Graphical and understandable by stakeholders

Supports O/O concepts inherent in XML Schema

Supported by low-cost tools

Industry/developer buy-in and adoption

Domain Modeling: UML
domain modeling uml17

Need to educate stakeholders about notation

Learning curve for modeler (learning notation)

Can lock into tools if you’re not careful

Domain Modeling: UML
domain modeling associations
Domain Modeling: Associations
  • Associations describe how the classes relate to one another
  • Example: A police officer issues a citation
  • Can be verbs from the domain, or simply descriptions of relationships
  • When modeling hierarchical document structures, associations are navigable (uni-directional)
  • Associations indicated with open-ended arrows
  • Can be named; if not, read as “relates to,” “contains,” or “has”
gjxdm as source of domain concepts
GJXDM as source of domain concepts
  • XSTF has already done a lot of good thinking about concepts in the justice domain
  • GJXDM contains 400 nouns (complex types)
  • Use these if they fit…don’t reinvent the wheel
  • Don’t use them if they don’t fit…don’t restrict your domain model to what’s in GJXDM
  • Remember: need to build a model that the business people can understand and agree to
  • Most business people struggle to validate structures documented in schema
mapping to gjxdm
Mapping to GJXDM
  • To build schema, each class/property in the domain model must be mapped to a type/element in GJXDM
  • Sometimes mapping can be represented in path-like notation
  • Sometimes it can only be described in prose
  • Makes automated mapping (and schemas generated from the domain model) very difficult
  • Sometimes domain concepts are missing from GJXDM; these are mapped to elements in an extension schema (your own namespace)
mapping to gjxdm22
Mapping to GJXDM
  • Spreadsheet with four columns:
    • Class
    • Property or Association
    • GJXDM Mapping (path or prose, extensions color-coded)
    • Notes
gjxdm mapping incident report
GJXDM Mapping: Incident Report
  • Incident Report Mapping
  • Subset Schema
  • Constraint Schema
  • Extension Schema
  • Document Schema
  • Sample XML Instance
  • IEPD
  • Wide tool support for UML
    • Visio
    • Eclipse plug-ins
    • ArgoUML
    • Rational Rose and XDE
  • Keep in mind that the primary purpose of a domain model is communication.
  • Many people beyond you (and your IT department) will be reading the model, so it has to be accessible to them using tools they already have (or can acquire cheaply).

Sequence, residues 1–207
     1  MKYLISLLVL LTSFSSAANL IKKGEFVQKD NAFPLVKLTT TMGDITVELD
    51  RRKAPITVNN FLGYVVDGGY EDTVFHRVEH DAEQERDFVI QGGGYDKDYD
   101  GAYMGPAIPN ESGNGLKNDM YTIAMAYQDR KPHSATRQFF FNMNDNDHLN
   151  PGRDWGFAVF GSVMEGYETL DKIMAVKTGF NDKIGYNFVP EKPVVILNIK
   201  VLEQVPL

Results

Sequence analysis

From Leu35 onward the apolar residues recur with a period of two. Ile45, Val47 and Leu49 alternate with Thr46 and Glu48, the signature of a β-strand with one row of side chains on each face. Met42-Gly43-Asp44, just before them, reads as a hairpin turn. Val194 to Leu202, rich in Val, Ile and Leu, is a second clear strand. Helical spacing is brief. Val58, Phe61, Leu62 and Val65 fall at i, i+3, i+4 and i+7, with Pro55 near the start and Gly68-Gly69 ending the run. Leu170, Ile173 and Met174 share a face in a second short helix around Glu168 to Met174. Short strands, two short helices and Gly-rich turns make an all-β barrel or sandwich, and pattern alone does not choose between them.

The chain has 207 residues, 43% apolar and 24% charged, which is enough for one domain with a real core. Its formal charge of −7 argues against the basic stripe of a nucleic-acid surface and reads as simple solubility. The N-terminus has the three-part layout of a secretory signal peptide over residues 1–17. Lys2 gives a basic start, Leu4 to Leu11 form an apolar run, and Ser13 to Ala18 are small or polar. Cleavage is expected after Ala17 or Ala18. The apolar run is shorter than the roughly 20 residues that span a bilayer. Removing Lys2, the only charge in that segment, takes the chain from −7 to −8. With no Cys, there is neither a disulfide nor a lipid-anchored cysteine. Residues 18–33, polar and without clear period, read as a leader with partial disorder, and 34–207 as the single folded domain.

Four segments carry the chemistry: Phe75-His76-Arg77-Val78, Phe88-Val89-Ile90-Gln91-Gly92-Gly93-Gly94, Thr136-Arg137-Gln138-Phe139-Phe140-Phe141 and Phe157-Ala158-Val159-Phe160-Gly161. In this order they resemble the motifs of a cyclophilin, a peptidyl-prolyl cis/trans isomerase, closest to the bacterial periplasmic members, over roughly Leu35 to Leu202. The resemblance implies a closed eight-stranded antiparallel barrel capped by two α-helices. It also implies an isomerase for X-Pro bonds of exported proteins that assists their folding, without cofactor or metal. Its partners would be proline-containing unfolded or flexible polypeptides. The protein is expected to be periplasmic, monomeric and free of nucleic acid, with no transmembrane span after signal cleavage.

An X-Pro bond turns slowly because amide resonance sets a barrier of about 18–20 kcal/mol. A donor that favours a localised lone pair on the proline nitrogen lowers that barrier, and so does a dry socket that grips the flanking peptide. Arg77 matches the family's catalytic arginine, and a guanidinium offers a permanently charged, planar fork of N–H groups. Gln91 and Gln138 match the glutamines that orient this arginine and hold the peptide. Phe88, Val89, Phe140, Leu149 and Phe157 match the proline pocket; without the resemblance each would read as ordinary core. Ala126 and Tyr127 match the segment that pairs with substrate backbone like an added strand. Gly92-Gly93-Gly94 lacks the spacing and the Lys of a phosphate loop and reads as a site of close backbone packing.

• XML Metadata Interchange standard
  • Evolved by the Object Management Group (OMG)
  • XML representation of object-oriented models
  • Useful for custom reporting from the data in your model
  • Does not contain information about the graphics
  • XMI allows generic metadata to be stored along with the entities in your model
  • Metadata can then be extracted and reported
  • Use ordinary XML technologies for reporting
    • SAX, DOM parsing
    • XML-object binding
    • XSLT
  • Example: documenting information sources and reporting with XSLT
lessons learned
Lessons Learned
  • Facilitation is critical
  • Can be successful in bringing together business and technical experts
  • Iterative process
  • Domain modeling can accelerate the development process
  • For most domain structures GJXDM is a good fit, Exceptions: Associations
  • Project completed with low cost open tools
  • Information Exchange Package Documentation Guidelines
  • Process Overview whitepaper (by, adopted by IJIS XML Advisory Committee)
  • Example IEPDs
  • Domain-Driven Design, by Eric Evans
  • UML Distilled, by Martin Fowler
  • Analysis Patterns, by Martin Fowler
  • Modeling XML Applications with UML, by David Carlson
  • Object-Oriented Design Heuristics, by Arthur Riel
iepd goals and objectives34
IEPD Goals and Objectives
  • Remember: the goal is to exchange messages, not to build databases
  • The more we standardize the container and the payload of components, the more it supports our goals
  • Standard, non-proprietary, consistently structured artifacts helps all of us to leverage IEPDs as models for information sharing
thank you
Thank you!
  • Catherine Plummer
  • Scott Came
  • Jeff Harmon
case studies on information exchange package documentation iepd development36

Case Studies on Information Exchange Package Documentation (IEPD) Development

GJXDM Users Conference

Atlanta, Georgia

June 9, 2005